Maintenance in Sectional Title schemes

Maintenance in a sectional title scheme differs quite drastically from that of a full title property, where the property owner would be responsible for all maintenance and upkeep as the sole owner of the property. Sectional Title Schemes are more complicated as they are governed and regulated by the Sectional Titles Schemes Management Act 8 of 2011 (“the STSMA”) which provides that the body corporate must maintain the common property, while unit owners must each maintain their section. Exclusive use areas are the responsibility of both the body corporate and owner.

To establish maintenance responsibilities, the common property and sections in a scheme should be accurately identified and the registered sectional plan for the scheme should clearly show the boundaries of the common property and the sections.

Common Property

Section 3(1)(l) of the STSMA regulates that the Body Corporate must maintain all the common property and keep it in a state of good and serviceable repair. Common property includes all the land and parts of the building/s which are not included in a section on the general plan. Additional equipment and fixtures, gardens and walkways, coffee areas, dining hall, library, a swimming pool, shared parking facilities and drive ways all form part of the common property. It also includes the exterior boundary wall and fences, electric fencing and security system.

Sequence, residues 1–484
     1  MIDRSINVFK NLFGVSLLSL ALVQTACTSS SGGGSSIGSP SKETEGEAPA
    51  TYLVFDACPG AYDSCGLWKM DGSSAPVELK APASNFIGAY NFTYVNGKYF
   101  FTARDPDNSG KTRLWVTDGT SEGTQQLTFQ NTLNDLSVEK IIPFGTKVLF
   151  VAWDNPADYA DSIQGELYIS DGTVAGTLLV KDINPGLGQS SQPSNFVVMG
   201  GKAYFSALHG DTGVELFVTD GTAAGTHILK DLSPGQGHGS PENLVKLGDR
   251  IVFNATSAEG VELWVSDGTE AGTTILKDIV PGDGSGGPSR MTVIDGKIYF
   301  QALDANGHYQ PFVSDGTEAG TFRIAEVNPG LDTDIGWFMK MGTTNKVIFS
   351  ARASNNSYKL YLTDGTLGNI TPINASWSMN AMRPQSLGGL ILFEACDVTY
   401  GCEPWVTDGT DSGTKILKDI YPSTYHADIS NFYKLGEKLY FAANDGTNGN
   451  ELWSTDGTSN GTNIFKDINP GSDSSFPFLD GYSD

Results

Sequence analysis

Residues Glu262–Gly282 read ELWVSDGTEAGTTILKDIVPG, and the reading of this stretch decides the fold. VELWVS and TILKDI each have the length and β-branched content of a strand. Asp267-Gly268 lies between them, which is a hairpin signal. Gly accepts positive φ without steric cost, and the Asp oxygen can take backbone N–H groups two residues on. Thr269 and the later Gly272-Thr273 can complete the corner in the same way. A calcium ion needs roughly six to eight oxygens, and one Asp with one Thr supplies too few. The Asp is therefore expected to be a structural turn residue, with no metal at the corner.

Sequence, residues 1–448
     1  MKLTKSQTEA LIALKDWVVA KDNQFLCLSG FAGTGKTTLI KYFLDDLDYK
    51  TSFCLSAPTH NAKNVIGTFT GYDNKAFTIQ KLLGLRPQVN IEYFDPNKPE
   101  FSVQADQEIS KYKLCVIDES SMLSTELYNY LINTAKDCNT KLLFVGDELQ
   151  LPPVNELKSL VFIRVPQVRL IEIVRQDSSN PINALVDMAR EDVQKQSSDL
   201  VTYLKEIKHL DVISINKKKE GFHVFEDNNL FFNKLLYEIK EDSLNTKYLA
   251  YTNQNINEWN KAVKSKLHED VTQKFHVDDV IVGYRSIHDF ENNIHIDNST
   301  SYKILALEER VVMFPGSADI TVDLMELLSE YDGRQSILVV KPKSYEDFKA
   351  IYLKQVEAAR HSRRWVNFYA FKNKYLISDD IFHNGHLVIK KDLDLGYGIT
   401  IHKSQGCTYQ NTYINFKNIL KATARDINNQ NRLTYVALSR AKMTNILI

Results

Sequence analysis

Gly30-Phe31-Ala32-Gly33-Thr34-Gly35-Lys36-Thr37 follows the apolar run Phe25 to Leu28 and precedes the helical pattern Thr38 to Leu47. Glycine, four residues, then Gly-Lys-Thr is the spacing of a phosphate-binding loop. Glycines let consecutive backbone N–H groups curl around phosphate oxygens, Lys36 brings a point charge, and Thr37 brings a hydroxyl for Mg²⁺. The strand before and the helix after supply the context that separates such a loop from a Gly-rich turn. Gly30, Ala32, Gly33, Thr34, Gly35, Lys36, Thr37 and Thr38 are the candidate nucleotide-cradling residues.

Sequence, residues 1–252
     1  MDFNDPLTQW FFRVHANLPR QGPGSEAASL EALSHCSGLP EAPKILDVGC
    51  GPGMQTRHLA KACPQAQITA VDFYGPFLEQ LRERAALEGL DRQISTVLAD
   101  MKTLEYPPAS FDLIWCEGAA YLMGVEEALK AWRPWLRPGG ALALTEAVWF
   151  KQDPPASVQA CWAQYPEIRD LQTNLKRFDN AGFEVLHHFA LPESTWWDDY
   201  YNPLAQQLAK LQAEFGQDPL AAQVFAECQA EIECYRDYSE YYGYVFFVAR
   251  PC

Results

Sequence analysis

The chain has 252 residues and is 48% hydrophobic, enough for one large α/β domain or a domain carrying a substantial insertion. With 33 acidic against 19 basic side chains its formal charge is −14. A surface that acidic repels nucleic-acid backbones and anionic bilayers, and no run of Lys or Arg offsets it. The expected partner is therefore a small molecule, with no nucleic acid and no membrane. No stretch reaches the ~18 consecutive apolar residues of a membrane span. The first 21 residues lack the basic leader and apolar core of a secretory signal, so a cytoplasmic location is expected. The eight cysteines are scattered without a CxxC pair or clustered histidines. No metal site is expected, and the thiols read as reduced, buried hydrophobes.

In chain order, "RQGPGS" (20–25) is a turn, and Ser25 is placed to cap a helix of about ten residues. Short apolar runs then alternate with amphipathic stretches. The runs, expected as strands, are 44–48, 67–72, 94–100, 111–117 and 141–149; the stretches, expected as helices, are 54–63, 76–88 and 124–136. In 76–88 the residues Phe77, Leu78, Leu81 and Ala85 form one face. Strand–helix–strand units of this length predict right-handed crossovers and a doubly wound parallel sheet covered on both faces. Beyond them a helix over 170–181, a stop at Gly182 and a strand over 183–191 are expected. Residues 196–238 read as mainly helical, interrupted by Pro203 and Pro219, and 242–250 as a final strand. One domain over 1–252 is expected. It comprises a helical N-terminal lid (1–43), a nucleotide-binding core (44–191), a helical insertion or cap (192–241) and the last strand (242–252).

Most of the utility infrastructure and services are also considered common property and includes the water, electricity and gas supplies including pipes, wires, cables and ducts as well as the sewer system, drainage, garbage and waste disposal and separate meters for electricity, water and gas. Shared telephone, computer data and television services would also be common property.

Property owners are however, responsible for the maintenance of pipes, wires, cables and ducts which supply a utility service to their section and which are located in that section.

The levies paid by the unit owners to the Body Corporate, usually cover the basic maintenance and administration of the scheme. Section 3(1)(b) of the STSMA obligates the Body Corporate to establish and maintain a reserve fund or levy stabilisation fund, for unforeseen maintenance and repairs of the common property and empowers it to collect these contributions from owners, whenever necessary.

Sections and Exclusive Use Areas

The section boundaries of a unit in a Sectional Title Estate are defined by a Sectional Plan and the maintenance obligations of the owner extend primarily to the interior of the unit while a garden, drive way etc would be part of the ‘exclusive use’ area allocated to the particular unit. In terms of Section 13(1)(c), an owner of a unit must repair and maintain their section in a state of good repair and, in respect of an exclusive use area, keep it in a clean and neat condition.